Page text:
Freeing the Shoulders by Rolling the Arms (Patrons)

Mostly back-lying, arms in a "letter T" position. Improving the function and mobility of the shoulders by connecting them more skillfully with the chest, spine, and head. Particular attention is given to the neck and to the spine between the shoulder blades.

Before you begin read this for practical tips and your responsibilities, and check out Comfort & Configuration below.

Recorded live in a Feldenkrais Awareness Through Movement (ATM) class, this lesson is copyright Nick Strauss-Klein, for personal use only.

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The “letter T” position of the arms doesn’t need to be perfectly straight or perpendicular to your spine. If it helps for comfort you may have one or both arms a little further down your mat.

When you roll the arms up or down your mat…

  1. you’ll always sustain the hand shape of a very light fist.
  2. your elbows remain loosely straight but they may lift off the ground at times.
  3. at some ranges of the movement it may only be your soft fists that are actually rolling on the ground even though I’m saying “roll the arms.”

When you eventually lift your head as you roll your arms downward, allow your head to bow down so you look between your bent knees.

Once or twice you’ll hear me refer to “this month” of lessons. It was Rest and Recharge, and I’ve chosen to leave in some of my asides about becoming more familiar with the process of rest. For a detailed exploration please enjoy The Liminal Lesson: Transitions Between Action and Rest (Patrons). It was recorded this same month.

If you’ve come to this lesson in the context of our Jaw, Neck, and Shoulders Deep Dive course, you can explore the difference created by using some of the movements from the “Beard Pull Pecking” lesson in this lesson. Specifically, notice that when you roll both of your letter-T-shaped arms downward you can either lift your head to look down toward your feet (that’s what’s cued in this lesson) or tip your head back and let your neck arch (cued in that lesson).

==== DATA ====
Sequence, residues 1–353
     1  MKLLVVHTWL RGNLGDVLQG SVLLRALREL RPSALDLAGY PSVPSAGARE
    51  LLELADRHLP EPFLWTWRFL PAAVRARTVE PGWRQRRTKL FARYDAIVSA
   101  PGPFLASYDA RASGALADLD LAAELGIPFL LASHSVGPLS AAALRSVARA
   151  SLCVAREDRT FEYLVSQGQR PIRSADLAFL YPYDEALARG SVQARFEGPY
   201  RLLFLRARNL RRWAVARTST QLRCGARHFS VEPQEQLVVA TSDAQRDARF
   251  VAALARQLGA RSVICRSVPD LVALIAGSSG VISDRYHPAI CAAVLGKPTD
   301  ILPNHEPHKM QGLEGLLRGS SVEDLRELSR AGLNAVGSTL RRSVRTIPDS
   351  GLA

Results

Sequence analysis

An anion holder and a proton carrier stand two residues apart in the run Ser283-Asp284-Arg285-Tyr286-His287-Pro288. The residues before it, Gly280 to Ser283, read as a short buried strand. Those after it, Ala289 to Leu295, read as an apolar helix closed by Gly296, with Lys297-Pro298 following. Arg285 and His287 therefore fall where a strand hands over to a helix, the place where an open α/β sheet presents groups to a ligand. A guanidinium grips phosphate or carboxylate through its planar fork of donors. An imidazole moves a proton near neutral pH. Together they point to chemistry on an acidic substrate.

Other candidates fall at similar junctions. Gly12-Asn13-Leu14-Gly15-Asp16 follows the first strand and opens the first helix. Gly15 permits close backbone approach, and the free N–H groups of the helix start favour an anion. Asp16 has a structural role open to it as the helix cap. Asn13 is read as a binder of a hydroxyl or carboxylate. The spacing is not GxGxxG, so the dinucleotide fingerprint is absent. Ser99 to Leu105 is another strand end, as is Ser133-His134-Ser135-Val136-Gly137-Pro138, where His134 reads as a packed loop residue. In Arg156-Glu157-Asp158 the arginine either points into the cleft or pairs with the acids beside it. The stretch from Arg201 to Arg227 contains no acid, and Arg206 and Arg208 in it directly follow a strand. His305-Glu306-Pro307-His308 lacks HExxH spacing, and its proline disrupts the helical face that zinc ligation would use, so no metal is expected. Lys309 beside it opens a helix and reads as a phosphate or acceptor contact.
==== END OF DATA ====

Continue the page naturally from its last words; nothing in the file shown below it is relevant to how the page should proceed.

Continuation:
This lesson is found in Patrons Monthly, our always-growing collection of new lessons for Feldenkrais Project Patron-level donors. It also appears in our Jaw, Neck, and Shoulders Deep Dive course.

It was recorded during a during a Rest and Recharge themed Zoom class on December 29, 2020, then edited to enhance audio quality, flow, and clarity.

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  1. Chris Abdo on December 16, 2021 at 2:04 pm

    I think my shoulders and the T position really wasn’t comfortable for me so I brought my arms further down and it was interesting I felt guilt coming up for me for breaking the rules! But it felt better, even though it was hard to choose to change for comfort

  2. Nick Strauss-Klein on December 16, 2021 at 3:51 pm

    Excellent choice, thank you for sharing. I’ve updated the Comfort & Configuration tab to include your advice. I’m also glad you mentioned the guilt! So many of us are rule-followers, but adapting the lesson to your comfort is essential. May your experience help others reckon with similar challenges.

  3. Giles Cole on February 17, 2022 at 10:47 am

    Really challenging lesson for me but finally feel that, thanks to your approach to the lesson, I am beginning to make sense of some timing issues in the rotation of the shoulder in relation to the engagement of particular back muscles that for some time have not participated. I am very curious about this element of the forehead and chin travelling together. With a history of violin playing I feel this movement profoundly differently from one side to the other and I am wondering if there are other lessons that explore this more fully. I remember a series that I did in my second year of the training that were in sitting whilst leaning back on the hands and circling the head without turning the face to allow the movement to come from the sternum, ribs and thoracic spine as opposed to the neck and cervical spine. Any suggestions?

    • Nick Strauss-Klein on February 21, 2022 at 9:40 am

      I’m developing a few future Patrons lessons — and an upcoming Deep Dive [Update: here it is!] — with some of these subtleties in mind, so stay tuned. In the meantime have you tried the lesson in the January 2022 Patrons Quarterly recording? I’m in the process of converting it to audio, but you may want to dive right in. It’s related to the lesson you’re remembering.

      • Giles Cole on February 21, 2022 at 9:55 am

        Thanks Nick. I will take a look.

  4. Sara Firman on April 3, 2022 at 12:27 pm

    Wonderful antidote to a day spent raking and spade lifting! I am finding this practice to be so helpful for recovery as well, as hopefully, for the learning of better ways of using my body outside of practice. Thank you as always for your clarity of instruction.

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